Herbal First Aid for Stings

It’s probably growing in your yard already and you’ve been striving to rid the lawn of it.

Plantago major

Stop it! That plantain is awesome! It is one of my three top choices for herbal first aid, along with yarrow and comfrey.

You’re working in your garden. You disturb a yellow jacket nest because you didn’t know it was there. Next thing you know, is you are dancing madly around your yard turning the air blue with words you may not have realized you knew.

Just this morning you were cursing the seed stalks of plantain as you mowed the lawn — they just refuse to stay down. That’s why you want to get rid of it. But! You remember this article. You pluck a few leaves and chew them to a paste before sticking them on the site of the sting. Immediately, the extreme pain is moderated. (I know this because it happened to me.) The pain has been reduced to throbbing so you go looking for a bandage. When you come back outside you throw away the old wad of green goo and replace it with a fresh one held in place with your little bandage.

Somehow, the pain is gone. When you check the site at the end of the day, there may well be no sign of the sting.

Now, if you are allergic to bee stings, you should still probably do what you would otherwise do, but if you are somewhere far from medical help, you might be glad you know about this little plant.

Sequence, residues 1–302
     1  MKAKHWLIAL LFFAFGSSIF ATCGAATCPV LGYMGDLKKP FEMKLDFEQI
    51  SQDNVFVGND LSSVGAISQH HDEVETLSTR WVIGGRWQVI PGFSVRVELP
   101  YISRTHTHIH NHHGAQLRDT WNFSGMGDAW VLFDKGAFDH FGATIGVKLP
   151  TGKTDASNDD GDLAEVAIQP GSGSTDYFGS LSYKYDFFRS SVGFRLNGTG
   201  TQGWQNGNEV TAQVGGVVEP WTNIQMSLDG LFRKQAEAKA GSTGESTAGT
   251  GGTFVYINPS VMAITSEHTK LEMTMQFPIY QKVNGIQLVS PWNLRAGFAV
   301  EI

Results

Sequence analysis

Plantain is famous for “drawing out.” It can be used as first aid not only for stings, but for splinters, boils, shingles and spider bites. Anything that needs to be drawn out.

When I heard it could be used to treat an abscessed tooth, a part of me said, “Yeah, right!” Then, some months later, I got a terrible pain in my lower jaw and when I probed the area with my tongue I found an odd blister-like bubble thing between my jaw and my cheek. The pain seemed centered there. Since I had no money for a dentist, I trotted out to the yard in prime plantain season. I picked a few leaves, chewed them up, and packed the wad into the area between jaw and cheek.

Somehow, the extreme pain receded. After a few moments, I dislodged the wad with my tongue to see how the bubble was doing and discovered a disgusting mass of … something indescribable. With bile rising I raced for a tissue to spit in (No. I didn’t look. You heard me say “disgusting” didn’t you?). I rinsed my mouth out before probing with my tongue again.

Now there was a concavity that seemed clean and was pain-free. Hmmm.

I don’t know that it was an abscess. I do know that the plantain took care of it — another thing to keep in mind when you are far from dental assistance.

In the spring I’ve included it in salads.

To my mind, and in my experience, this is a rather miraculous herb. Low to the ground, flying under the radar, ready to help any human in the neighborhood.

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